I have always appreciated details. My work products are known for their accuracy. I’m attentive to how I plan training programs and events. Clients can count on me to be prepared, even for the unexpected.
Alas, there are people who don’t share my perspective. I have clients who find details to be tedious disruptions. Their “big picture” view focuses less on how things will get done and more on why it’s important.
Neither view is better or worse. So why am I proposing that details matter?
Why Focus on the Small Stuff?
We encounter thousands of stimulations to our brain every day. Sorting and prioritizing are required if we are going to get things done. When you adopt only a “10,000-foot view” of your environment, it’s easy to miss the very things that will impact the success of your dream.
Starting a new year is often a time when we commit to big changes. We decide to lose weight or exercise more. Those are worthy goals, except for one big problem. Achieving them will require paying attention to details. Things like buying healthier foods, climbing out of bed early to take a brisk walk, or eating out less often.
Here’s a two-step formula for handling stress. Step number one: Don’t sweat the small stuff. Step number two: Remember it’s all small stuff.” – Tony Robbins
In last week’s post I highlighted how the smallest of deeds might actually be what we are called to perform.
Getting the Details Right
Since details are easy for me, I’ve learned and benefited from some tools and tips over the years. Here are a few examples for those who struggle to focus on the small stuff.
- Take time for planning. Steve Covey called this “Quadrant II time.” The emphasis should be on doing what is important but not urgent. Target at least 2 hours a week for this type of detail work.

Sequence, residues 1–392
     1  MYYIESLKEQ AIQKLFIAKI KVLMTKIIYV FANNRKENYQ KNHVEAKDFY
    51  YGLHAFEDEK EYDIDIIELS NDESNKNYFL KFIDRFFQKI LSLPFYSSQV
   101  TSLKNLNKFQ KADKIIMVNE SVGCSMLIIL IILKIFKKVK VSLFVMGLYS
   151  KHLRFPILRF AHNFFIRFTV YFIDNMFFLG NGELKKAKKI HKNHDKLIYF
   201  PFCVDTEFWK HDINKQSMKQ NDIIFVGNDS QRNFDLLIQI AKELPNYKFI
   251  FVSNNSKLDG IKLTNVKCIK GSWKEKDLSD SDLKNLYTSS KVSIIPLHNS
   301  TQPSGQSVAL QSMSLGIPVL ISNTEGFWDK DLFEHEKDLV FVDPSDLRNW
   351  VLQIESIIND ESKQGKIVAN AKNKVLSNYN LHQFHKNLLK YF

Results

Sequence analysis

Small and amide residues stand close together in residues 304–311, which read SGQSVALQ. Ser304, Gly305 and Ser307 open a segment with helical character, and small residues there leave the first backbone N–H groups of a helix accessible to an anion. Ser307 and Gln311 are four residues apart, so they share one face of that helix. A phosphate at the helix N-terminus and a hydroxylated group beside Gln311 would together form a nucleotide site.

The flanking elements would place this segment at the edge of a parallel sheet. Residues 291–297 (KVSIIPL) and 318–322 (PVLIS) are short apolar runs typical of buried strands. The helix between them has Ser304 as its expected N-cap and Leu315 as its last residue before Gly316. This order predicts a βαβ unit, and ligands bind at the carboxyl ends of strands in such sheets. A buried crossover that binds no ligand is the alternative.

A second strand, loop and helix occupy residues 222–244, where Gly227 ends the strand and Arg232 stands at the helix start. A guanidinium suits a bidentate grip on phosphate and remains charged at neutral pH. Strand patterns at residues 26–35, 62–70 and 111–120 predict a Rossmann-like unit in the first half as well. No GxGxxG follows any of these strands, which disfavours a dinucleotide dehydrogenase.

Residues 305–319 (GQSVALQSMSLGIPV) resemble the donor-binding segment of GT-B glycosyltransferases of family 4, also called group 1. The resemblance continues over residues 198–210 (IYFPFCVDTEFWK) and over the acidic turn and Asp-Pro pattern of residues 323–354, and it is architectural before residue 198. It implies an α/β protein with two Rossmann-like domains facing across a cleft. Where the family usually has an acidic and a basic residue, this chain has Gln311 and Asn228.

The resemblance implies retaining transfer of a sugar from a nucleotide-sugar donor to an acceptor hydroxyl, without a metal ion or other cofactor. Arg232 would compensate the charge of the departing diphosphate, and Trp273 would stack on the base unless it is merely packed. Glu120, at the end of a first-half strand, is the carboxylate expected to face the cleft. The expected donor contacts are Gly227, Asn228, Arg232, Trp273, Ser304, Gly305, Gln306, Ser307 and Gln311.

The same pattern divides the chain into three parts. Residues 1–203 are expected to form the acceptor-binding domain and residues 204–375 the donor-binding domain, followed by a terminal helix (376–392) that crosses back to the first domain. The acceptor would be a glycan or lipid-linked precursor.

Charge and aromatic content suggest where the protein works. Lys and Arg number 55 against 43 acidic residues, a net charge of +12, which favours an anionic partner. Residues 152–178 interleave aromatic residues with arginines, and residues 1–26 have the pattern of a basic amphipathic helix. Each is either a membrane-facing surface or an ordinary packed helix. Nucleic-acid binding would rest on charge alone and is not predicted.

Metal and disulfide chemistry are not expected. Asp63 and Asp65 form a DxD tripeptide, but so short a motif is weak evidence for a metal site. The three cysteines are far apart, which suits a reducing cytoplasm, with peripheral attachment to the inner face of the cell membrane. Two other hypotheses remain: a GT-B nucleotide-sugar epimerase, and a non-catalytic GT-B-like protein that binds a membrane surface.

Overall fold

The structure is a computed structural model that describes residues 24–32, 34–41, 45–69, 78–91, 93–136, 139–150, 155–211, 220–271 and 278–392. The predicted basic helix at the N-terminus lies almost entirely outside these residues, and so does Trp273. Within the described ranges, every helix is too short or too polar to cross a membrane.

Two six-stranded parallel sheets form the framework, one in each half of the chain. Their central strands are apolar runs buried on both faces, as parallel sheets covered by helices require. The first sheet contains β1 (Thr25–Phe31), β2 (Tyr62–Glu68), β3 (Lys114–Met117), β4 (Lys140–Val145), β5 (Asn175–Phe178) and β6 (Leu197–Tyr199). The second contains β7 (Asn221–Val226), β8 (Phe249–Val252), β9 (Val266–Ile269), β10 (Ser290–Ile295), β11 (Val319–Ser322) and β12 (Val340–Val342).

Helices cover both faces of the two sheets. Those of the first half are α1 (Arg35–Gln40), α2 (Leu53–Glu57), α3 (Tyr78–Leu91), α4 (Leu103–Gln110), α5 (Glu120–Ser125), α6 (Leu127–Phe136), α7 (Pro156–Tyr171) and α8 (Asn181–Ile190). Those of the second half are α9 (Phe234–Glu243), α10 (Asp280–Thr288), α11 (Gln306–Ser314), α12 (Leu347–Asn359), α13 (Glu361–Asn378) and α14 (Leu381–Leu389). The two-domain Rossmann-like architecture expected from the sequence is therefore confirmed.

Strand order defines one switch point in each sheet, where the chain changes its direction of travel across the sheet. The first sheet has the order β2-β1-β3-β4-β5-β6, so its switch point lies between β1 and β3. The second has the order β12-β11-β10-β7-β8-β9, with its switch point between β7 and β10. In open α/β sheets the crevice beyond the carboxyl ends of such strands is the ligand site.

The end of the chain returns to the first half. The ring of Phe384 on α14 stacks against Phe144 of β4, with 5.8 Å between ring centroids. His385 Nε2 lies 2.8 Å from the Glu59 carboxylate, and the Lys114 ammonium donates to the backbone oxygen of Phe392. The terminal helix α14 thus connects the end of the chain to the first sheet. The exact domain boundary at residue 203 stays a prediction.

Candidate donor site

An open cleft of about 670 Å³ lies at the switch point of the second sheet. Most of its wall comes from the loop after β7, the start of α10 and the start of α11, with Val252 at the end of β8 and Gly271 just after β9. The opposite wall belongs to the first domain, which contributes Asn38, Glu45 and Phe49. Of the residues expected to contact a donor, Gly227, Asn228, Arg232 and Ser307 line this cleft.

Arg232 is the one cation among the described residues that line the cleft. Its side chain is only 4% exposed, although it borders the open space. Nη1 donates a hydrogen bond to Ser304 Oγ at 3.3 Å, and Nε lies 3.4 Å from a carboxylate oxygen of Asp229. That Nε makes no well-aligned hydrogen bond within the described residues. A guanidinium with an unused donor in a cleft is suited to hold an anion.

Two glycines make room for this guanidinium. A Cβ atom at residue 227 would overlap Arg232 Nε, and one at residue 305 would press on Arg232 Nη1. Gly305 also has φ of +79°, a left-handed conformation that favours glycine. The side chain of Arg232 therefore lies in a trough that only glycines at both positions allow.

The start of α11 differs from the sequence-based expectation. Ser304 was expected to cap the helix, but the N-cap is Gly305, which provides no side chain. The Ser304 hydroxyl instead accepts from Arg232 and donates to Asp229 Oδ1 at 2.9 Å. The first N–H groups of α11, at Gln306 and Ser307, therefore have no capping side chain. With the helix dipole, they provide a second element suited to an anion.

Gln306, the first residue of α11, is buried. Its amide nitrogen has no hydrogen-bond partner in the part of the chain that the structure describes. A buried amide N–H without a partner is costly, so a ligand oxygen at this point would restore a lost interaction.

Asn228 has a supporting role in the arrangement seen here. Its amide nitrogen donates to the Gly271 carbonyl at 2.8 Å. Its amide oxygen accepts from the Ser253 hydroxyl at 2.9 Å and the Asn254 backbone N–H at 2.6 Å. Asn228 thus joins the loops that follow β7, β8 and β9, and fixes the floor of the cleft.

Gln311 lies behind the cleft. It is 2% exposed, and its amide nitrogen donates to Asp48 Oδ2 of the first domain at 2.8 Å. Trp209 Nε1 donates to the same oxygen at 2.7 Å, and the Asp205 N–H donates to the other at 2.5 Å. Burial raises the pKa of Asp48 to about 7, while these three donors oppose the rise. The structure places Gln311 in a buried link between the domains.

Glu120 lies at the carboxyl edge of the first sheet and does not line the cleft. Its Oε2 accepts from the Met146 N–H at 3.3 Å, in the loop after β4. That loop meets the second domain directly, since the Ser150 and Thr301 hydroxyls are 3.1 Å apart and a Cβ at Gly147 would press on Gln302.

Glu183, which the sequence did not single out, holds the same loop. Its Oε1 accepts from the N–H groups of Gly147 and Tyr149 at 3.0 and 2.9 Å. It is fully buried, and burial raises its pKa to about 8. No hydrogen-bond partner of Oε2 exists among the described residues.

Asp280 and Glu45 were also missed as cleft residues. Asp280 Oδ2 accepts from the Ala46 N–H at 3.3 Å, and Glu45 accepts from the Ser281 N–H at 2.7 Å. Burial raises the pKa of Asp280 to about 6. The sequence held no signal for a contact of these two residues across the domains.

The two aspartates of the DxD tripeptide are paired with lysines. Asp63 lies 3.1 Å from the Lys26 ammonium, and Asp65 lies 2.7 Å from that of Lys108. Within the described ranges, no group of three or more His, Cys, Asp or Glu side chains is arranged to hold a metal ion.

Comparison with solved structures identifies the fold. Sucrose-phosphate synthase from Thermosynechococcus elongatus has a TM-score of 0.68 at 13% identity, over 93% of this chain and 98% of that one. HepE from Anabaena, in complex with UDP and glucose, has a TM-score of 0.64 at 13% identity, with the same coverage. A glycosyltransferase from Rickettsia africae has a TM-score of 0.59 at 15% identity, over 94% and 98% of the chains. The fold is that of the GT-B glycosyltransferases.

- Make lists. A good “to do list” is like guardrails on a highway. The goal should never be just to finish the list every day. Instead, use the list to help you prioritize and focus your work.
- Don’t strive for perfection. This was a common frustration of mine. Now, I define what “good enough” looks like before I begin a new project. When you think something has to be perfect, you may not even want to get started.
- Establish realistic deadlines. It helps to be specific here. Instead of saying, “I need to finish this project by the end of the week” say, “This project deadline, including any deliverables, is due Friday at 3 PM.”
- Acknowledge your distractions. It helps to name whatever might get in the way of your success. If needed, you can add some new tactics to your “to do list” to counteract these temptations to stray.
Your grand plans won’t execute on their own. Use planning tools, or the guidance of a coach, to help you identify how your dreams can become reality. Creating lists, setting deadlines, and monitoring progress will all be needed to ensure success.
Decisions large and small are all about the details. How will you sweat the small stuff in 2020?
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